Why accurate measurements are important
Aside from the site related factors of view, acreage and waterfront, one of if not the biggest factor is the size of the improvements. Finished living area, which includes GLA or gross living area is frequently noted or promoted in listings, appraisals, and in conversations around the watercooler.
The size of the home, and the buyer’s perception of that number, is one of the most frequent reasons a Realtor or an appraiser gets a complaint, or even a lawsuit. Agents often rely on county records in advertising the size of a home, but did you know that most homes have never been measured by the assessor? It is common for the assessor to rely on the submitted plans for the size of the home, and uncommon for them to measure the homes after an addition or other change in size.
Having an accurate, up to date measurement of the home is crucial to ensuring it gets full value from the market on a sale, and crucial for keeping the agents and appraisers from getting a complaint related to the size of the home.
How most appraisers measure today/ANSI
One of the challenges for achieving an accurate measurement has been that there was no universal measurement standard. Some measured with a laser, some a tape measure, some a wheel rolled next to the home. Do we measure from the inside or the outside? Do we count a sloping roofed room all the way from the peak to where the wall meets the ceiling? Ask ten appraisers and before ANSI you’d get twelve answers.
The American National Standards Institute (ANSI) developed a measurement system that provides a predictable, consistent measuring result when applied properly. Fannie Mae has adopted this standard for use by appraisers in transactions sold to them, which largely means that all appraisers use this system in all homes they measure.
Who is ANSI?
The American National Standards Institute (ANSI) is a private, non-profit organization that administers and coordinates the U.S. voluntary standards and conformity assessment system. Founded in 1918, the Institute works in close collaboration with stakeholders from industry and government to identify and develop standards- and conformance-based solutions to national and global priorities.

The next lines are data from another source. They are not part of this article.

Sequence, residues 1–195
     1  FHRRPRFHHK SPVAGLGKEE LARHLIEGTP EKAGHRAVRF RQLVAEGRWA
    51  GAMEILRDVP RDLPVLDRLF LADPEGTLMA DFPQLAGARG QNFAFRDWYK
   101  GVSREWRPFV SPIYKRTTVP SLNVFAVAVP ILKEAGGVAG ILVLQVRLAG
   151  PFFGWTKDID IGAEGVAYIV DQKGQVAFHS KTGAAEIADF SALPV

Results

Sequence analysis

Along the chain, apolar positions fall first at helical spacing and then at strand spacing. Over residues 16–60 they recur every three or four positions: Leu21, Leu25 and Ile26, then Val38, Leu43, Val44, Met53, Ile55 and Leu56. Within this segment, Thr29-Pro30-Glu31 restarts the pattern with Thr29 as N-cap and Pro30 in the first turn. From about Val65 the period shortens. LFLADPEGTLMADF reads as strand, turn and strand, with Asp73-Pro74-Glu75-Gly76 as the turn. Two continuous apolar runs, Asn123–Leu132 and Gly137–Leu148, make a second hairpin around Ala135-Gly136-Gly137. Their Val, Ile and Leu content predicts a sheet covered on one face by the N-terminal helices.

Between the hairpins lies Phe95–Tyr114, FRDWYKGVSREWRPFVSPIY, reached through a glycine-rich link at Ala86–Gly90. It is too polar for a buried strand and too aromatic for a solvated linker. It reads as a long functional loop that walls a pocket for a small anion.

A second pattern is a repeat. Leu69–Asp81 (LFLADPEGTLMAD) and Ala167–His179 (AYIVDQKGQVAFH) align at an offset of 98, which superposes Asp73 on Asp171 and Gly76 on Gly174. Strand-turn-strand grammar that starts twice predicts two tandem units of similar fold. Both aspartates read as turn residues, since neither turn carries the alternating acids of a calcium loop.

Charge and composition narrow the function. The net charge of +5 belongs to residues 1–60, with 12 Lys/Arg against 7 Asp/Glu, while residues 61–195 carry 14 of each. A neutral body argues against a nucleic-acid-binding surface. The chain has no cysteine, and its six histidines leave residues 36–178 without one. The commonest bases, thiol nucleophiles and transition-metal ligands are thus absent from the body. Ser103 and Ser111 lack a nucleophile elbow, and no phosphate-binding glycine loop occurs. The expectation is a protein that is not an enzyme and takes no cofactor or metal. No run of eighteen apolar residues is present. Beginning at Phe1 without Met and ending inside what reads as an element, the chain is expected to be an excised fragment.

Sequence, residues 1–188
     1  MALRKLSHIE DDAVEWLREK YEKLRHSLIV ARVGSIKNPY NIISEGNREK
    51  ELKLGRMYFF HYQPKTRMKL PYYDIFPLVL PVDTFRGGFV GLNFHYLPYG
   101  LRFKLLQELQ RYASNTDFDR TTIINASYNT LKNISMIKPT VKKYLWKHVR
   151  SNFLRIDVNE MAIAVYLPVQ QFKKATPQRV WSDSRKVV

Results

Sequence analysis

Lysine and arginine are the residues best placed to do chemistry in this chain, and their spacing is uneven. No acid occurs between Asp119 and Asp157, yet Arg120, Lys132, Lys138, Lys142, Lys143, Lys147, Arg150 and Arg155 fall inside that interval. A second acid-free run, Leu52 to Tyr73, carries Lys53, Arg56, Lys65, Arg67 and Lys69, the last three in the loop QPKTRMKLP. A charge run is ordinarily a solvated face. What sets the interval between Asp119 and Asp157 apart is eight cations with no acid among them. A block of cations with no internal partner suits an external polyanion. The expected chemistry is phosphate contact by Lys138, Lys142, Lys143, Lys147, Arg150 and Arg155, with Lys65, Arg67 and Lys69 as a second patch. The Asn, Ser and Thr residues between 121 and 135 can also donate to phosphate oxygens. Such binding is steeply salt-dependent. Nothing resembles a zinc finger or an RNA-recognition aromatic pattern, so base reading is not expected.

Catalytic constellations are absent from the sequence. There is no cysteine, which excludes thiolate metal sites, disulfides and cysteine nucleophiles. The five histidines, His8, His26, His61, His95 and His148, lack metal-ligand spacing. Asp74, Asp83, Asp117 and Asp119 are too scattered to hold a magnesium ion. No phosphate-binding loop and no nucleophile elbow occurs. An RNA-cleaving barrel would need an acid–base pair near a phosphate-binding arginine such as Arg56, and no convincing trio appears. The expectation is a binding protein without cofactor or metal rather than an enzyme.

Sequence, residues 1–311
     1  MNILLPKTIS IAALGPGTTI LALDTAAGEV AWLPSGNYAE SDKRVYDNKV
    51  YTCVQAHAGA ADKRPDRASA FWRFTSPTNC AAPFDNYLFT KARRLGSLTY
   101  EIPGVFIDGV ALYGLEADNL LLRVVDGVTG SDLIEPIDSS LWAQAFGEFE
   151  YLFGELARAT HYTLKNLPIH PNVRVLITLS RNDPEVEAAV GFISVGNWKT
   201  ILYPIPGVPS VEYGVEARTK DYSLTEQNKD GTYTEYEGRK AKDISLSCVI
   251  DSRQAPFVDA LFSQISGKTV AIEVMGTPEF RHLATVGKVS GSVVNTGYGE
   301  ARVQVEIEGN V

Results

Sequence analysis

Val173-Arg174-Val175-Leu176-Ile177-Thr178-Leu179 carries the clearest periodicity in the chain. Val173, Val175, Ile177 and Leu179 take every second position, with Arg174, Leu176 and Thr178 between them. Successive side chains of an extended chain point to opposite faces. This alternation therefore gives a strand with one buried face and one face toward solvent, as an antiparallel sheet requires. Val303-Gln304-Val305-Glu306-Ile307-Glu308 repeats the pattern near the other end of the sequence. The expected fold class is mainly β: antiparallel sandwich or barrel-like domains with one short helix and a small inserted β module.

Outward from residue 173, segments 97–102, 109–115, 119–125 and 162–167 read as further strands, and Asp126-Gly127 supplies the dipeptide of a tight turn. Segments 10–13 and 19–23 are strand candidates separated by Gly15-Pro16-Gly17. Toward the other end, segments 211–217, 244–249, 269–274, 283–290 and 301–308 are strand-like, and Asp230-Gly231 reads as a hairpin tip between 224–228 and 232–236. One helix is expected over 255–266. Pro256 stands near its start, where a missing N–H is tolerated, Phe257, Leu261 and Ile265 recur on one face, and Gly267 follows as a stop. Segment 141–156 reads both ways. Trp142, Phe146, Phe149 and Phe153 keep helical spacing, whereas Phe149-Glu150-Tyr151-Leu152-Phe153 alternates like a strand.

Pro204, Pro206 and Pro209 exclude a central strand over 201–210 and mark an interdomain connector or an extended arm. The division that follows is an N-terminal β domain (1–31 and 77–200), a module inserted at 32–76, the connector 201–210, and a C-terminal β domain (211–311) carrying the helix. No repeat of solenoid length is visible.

Together, standards and technical regulations impact up to 93% of global trade. Globally relevant standards and the conformance measures that assure their effective use help to increase efficiency, open markets, boost consumer confidence, and reduce costs. And ANSI is the U.S. leader in fostering that potential for the benefit of businesses across every industry and consumers around the world.
The benefits and hurdles around ANSI
The #1 benefit is that homes measured using the standard and then those measurements being used in sales and appraisals is a consistency in output, and a reliable way to check for accuracy. If someone “feels” their home was misrepresented then it’s simple to measure the home, using the standard and get a very similar result.
Before ANSI you could get wildly different results, from the various methods employed and no “correct” standard. If we’re all measuring the same way then we should get results that are well within a 5% range of difference, hopefully even closer.
One of the biggest hurdles to the use of ANSI, aside from appraiser’s intransigence, is that the assessor have yet to universally adopt the standard and architects and designers still use their own byzantine methods. Bringing all players into the fold will lead to reliable, consistent square footage results and take much of the opaqueness out of Real Estate transactions.
The ANSI measurement standard for single family homes and condominiums
The standard is blessedly brief, a few pages at most and instructs a user on how to measure above and below grade area, what part of a Cape Cod style or dormers “count” and what does not. How to differentiate between finished areas and unfinished, What a basement is and how to report the finished area above and below grade.
Are there exceptions?
Some areas that historically have been included, are not in the ANSI standard, and can “count” and be adjusted for on their own line. If a market routinely counts areas under a sloped ceiling in a finished room then they can be accounted for within the standard, just not on the same lines as the GLA. There are other exceptions that a qualified appraiser will employ, when appropriate.
It is important that agents and homeowner’s not misrepresent a home for sale and also important that a home be measured correctly for a mortgage related transaction.
We stand ready to help, and offer home measurement services as a stand alone service, in addition to our use of the ANSI standard in all appraisal assignments.